Duval v. United States, 385 F. Supp. 302 (E.D. Pa. 1974)
November 11, 1974
UNITED STATES of America.
United States District Court, E. D. Pennsylvania.
*303 George Wise Duval, pro se.
Robert E. J. Curran, U. S. Atty., Robert S. Forster, Jr., Asst. U. S. Atty., Philadelphia, Pa., for respondent.
HIGGINBOTHAM, District Judge.
MEMORANDUM OPINION AND ORDER
Petitioner, George Wise Duval, moves this Court pursuant to 28 U.S.C. § 2255 (1970) to vacate his sentence or, in the alternative, to grant him full credit against his federal sentence for time spent in state custody prior to his transfer to federal custody. For reasons that will hereinafter appear, I have concluded that petitioner is not entitled to relief and that both his § 2255 motion to vacate sentence and his additional claim for relief, construed as a petition for a writ of habeas corpus, must be denied.
History of the Case
On July 14, 1969, officers of the Philadelphia Police Department apprehended petitioner and three other men under suspicious circumstances in a theater adjacent to a federally insured savings and loan institution. All four men were turned over to federal authorities that same day. Subsequently, while free on bail, petitioner was convicted of a weapons offense in New Jersey and incarcerated on August 1, 1969, at Trenton State Prison.
On November 9, 1970, petitioner pleaded guilty to the federal offense. On February 10, 1971, this Court imposed a sentence of five years imprisonment on petitioner under 18 U.S.C. § 4208(a) (2) (1970). At sentencing, the Court remarked that:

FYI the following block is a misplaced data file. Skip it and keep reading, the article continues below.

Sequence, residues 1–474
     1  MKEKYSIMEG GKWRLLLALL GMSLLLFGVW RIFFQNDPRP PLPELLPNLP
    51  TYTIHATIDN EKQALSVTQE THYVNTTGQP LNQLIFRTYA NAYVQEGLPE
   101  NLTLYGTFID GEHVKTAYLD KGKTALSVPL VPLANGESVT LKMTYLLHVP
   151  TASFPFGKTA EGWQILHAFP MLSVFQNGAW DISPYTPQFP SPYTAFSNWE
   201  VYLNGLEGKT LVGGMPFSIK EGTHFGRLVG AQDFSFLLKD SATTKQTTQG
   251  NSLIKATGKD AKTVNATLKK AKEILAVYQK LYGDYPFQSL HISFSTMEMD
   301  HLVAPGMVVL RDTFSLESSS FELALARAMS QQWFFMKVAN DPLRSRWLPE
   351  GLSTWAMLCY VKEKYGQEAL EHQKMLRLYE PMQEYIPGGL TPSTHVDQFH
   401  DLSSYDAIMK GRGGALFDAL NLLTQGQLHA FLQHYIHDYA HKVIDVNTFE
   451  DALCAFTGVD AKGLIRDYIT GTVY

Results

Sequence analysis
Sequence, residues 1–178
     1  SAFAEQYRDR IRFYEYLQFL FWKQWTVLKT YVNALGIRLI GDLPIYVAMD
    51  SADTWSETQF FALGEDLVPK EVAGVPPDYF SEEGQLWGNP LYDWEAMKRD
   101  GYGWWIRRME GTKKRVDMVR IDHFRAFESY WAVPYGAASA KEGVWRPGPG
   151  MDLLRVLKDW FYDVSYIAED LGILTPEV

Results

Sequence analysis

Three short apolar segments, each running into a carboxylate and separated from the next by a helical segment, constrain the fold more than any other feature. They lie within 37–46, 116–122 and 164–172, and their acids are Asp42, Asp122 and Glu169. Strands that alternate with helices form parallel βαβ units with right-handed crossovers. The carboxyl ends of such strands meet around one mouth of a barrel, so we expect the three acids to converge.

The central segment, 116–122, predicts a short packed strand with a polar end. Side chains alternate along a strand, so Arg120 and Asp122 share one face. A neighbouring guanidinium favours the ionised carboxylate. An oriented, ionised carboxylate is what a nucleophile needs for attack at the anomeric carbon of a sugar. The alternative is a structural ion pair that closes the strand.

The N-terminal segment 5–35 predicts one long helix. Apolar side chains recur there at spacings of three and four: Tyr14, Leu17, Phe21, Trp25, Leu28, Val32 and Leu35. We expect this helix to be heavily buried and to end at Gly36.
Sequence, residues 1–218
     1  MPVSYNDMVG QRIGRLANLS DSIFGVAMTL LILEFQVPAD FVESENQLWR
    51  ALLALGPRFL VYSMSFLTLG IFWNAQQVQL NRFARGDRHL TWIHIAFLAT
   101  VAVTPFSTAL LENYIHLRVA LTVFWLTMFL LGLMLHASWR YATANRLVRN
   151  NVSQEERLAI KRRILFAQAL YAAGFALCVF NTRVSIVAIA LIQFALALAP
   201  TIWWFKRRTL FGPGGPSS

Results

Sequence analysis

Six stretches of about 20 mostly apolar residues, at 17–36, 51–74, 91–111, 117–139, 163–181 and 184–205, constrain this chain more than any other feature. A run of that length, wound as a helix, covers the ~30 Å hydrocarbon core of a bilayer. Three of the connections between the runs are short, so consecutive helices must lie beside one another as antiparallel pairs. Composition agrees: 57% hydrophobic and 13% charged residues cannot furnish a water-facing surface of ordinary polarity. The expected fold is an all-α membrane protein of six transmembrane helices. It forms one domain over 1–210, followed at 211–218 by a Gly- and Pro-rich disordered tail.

"I have no objection to this sentence being concurrent at the discretion of the Bureau of Prisons with his present sentence which he is now serving." (N.T. at 7.)
On August 26, 1971, New Jersey officials released petitioner to the custody of the United States. Petitioner's federal sentence will expire on August 25, 1976.
Petitioner instituted this action pursuant to 28 U.S.C. § 2255 (1970) on April 10, 1974. Because of administrative error in the Clerk's Office, petitioner's file was not called to the attention of either a United States Magistrate or this Court until August 7, 1974, when a copy of a petition to the Court of Appeals for a writ of mandamus was filed in the District Court. On August 14, 1974, I entered an Order granting petitioner leave to proceed in forma pauperis and directing the United States Attorney to answer petitioner's motion by August 30, 1974.
On August 27, 1974, the Court of Appeals for the Third Circuit denied Duval's petition for a writ of mandamus. The United States Attorney subsequently filed an answer to petitioner's motion, and petitioner responded by way of traverse. Petitioner has advised this Court that he has complied with the commands of Soyka v. Alldredge, supra, and exhausted his administrative remedies. The matter is therefore ripe for adjudication by this Court.
*304 The Validity of Petitioner's Sentence